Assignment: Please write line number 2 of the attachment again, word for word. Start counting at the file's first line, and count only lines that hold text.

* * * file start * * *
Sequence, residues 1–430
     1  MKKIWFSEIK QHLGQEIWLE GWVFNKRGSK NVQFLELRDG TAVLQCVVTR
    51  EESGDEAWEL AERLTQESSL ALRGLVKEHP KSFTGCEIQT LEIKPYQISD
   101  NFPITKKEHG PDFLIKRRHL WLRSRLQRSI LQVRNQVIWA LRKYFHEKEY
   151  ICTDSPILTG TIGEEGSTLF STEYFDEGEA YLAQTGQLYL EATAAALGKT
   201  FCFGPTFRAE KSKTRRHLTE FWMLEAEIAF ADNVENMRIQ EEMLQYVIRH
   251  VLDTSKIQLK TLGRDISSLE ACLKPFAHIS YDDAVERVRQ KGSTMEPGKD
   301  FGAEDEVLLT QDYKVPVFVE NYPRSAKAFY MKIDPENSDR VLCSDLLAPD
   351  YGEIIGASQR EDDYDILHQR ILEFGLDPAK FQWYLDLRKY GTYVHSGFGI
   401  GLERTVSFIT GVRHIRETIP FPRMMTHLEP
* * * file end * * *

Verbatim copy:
     1  MKKIWFSEIK QHLGQEIWLE GWVFNKRGSK NVQFLELRDG TAVLQCVVTR